The DC Animated movies have gone under the radar for many years, yes a lot of the fans know of their existence but the general population don’t give them much attention, and that is a massive shame as the stories told within these movies far outshine any DC cinematic effort of the last ten years.
The animated movies did get a brief nod when ‘The Killing Joke’ received a limited cinematic run (in the UK) but, due to the unfortunate event of that adaptation being quite poor, they had slipped back into the obscurity within which they reside. The release of the animated movies should be celebrated, instead they are only really announced when the Blu Ray arrives on the shelves of your local HMV. The only times I have seen trailers for the animated movies (outside of The Killing Joke) was when I actively looked for them.
Fingers crossed all this is going to change with the imminent release of ‘Batman Ninja’ later this year but, until that time, the most recent release of an animated feature length movie has once again been quietly released.
‘Batman: Gotham by Gaslight’ is an adaptation of the Elseworlds graphic novel of the same name that questions what would happen if Batman and the other recognisable characters of Gotham City existed within the Victorian Times and, as is central to the plot of the film, during the killing spree of notorious serial killer Jack the Ripper.
Unfortunately I have not yet read the source material, but I have been following the saga of Gaslight for some time ever since a video game was announced and then quickly cancelled. The idea of a Victorian Batman intrigued me and, even though I could not fit the graphic novel into my ever increasing backlog of books, I looked forward to this film. So I was happy to find that, like many of its animated brethren that has come before, this film was a blast in addition to being a very good Batman story.
The mystery set as the very heart of this film is surrounding the identity of the masked killer Jack the Ripper. Rather than place Batman into the world of the Ripper the film does the opposite and makes Jack a terror of the streets of Gotham. By doing this Gaslight expands on the mythos of the Ripper, allowing him to secretly be a pre-established character from a world that viewers will be very familiar with.
The reveal, when it came during the films final act, was actually a very lovely, and well thought out surprise. It plays upon the established canon of Batman as a whole and had me second guessing who the killer was right up until the end. I won’t say who but lets just say it isn’t the usual go-to enemy. In fact the clown prince is nowhere insight and, although I love the character of the Joker, his absence from this film is a blessing.
Some might be a bit frustrated with the reveal within the film, I can’t talk to the source text but the film is lacking the clues needed for the audience to come to its own conclusion. Instead the killer is revealed in the same moment as the explanation for his motives, had this been another type of thriller then the clues would have been laced throughout.
But this is only a minor criticism, especially as this type of reveal is more reminiscent of the works of Arthur Conan-Doyle (a reference to whom as a mentor of Batman is made within the film), keep ’em guessing until the end and then show off.
Another of my very minor criticisms is that Gaslight leans heavily on certain references from the established canon, especially concerning the appearance of certain characters. Whilst certain arrivals are conducive to the story – The Cockrobins being a personal favourite – others felt shoehorned in just for the sake of it, Cyrus Gold I’m looking at you. Again I can’t speak for the source text, so they may have had a bigger role within it, yet in the movie the reason for their parts just felt like a nudge to fans more than anything else, a recognisable face to fill some time.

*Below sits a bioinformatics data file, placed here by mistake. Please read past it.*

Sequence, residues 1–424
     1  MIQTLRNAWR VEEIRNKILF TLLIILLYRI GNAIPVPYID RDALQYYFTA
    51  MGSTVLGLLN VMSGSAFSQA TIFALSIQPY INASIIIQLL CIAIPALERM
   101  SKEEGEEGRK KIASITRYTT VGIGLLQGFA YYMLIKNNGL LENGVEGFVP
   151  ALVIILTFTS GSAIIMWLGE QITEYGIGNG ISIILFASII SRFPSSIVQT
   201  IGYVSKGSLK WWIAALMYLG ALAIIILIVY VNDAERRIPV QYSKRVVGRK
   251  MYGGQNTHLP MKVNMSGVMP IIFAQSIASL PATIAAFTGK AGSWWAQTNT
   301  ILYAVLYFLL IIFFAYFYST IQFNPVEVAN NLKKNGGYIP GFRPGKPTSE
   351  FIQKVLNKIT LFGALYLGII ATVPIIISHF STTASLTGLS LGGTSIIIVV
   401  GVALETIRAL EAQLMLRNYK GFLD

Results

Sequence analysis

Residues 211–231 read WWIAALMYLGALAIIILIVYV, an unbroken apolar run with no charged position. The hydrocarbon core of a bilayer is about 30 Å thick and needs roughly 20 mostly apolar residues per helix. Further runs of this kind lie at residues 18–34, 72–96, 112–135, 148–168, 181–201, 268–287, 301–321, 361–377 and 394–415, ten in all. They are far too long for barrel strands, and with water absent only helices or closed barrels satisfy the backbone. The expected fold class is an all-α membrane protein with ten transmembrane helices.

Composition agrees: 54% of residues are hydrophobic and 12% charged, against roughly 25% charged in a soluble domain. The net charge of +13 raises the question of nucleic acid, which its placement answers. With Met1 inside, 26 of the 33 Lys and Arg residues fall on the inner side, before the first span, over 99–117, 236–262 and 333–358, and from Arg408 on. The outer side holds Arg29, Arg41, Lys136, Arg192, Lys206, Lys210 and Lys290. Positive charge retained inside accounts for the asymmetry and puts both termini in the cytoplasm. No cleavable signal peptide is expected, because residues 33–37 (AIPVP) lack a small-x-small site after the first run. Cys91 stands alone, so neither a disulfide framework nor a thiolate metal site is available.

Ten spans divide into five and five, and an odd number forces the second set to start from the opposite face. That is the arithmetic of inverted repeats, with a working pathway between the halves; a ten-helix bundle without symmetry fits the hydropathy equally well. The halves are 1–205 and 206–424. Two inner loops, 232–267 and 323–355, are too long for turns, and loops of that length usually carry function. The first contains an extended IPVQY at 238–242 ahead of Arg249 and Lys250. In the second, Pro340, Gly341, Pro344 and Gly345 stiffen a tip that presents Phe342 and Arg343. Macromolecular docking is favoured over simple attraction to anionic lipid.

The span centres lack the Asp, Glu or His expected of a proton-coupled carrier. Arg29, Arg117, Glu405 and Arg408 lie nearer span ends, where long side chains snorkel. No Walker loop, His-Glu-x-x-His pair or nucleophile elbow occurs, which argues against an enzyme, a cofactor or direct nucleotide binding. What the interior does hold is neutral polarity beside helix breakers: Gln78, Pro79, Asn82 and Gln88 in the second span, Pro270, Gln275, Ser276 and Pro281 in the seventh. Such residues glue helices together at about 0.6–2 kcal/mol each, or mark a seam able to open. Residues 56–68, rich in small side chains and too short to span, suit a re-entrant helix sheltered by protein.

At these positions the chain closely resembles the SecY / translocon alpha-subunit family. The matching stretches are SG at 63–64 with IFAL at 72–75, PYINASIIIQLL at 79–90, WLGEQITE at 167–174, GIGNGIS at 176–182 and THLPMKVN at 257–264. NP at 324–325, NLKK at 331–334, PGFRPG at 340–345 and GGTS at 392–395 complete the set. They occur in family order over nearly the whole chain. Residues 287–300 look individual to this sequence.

However that is not to say that this film suffers the same fate as The Killing Joke did in terms of filler and pacing. TKJ included a twenty minute original prologue in order to flesh the running time out, which felt just as out of place watching it as trying to describe it then. Thankfully Gaslight does not fall in to the same trap, which is most likely due to the fact that Gaslight’s source material is double the length of TKJ. With its 80 minute run time Gaslight takes its time, revelling (in places) in the established atmosphere created by Victorian-Era Gotham.
But all of these are only minor gripes, something that cannot be said for any of the DC cinematic films that have come out. Those films have massive inconsistencies and the people in charge are well aware of them, especially considering the news recently that Zach Snyder was actually fired from directing Justice League, the unfortunate death of his daughter just being a horrible coincidence and an on hand excuse to save face.
The DC Cinematic universe should take cues from its animated sibling. In addition to the more manageable run times, films like Gaslight succeed in presenting a well thought out tale that does not end with a sky portal or some other such go-to of recent cinema.
Also, perhaps due to its lack of constraint from Hollywood and the overbearing money obsessed producers that reside there, the animated features are able to be a lot more grim and bloody than their cinematic kin. You can’t have a Jack the Ripper tale without a few ladies of the night getting brutally stabbed after all, and Gaslight does not disappoint.
Overall Batman: Gotham by Gaslight is yet another brilliant animated adaptation from a studio that constantly knocks it out of the park. Hopefully with the rumoured films and upcoming reshuffle we will start to see such excellent story telling appear in the mainstream universe too…or y’know, they could just start giving cinematic releases to all of the animated films.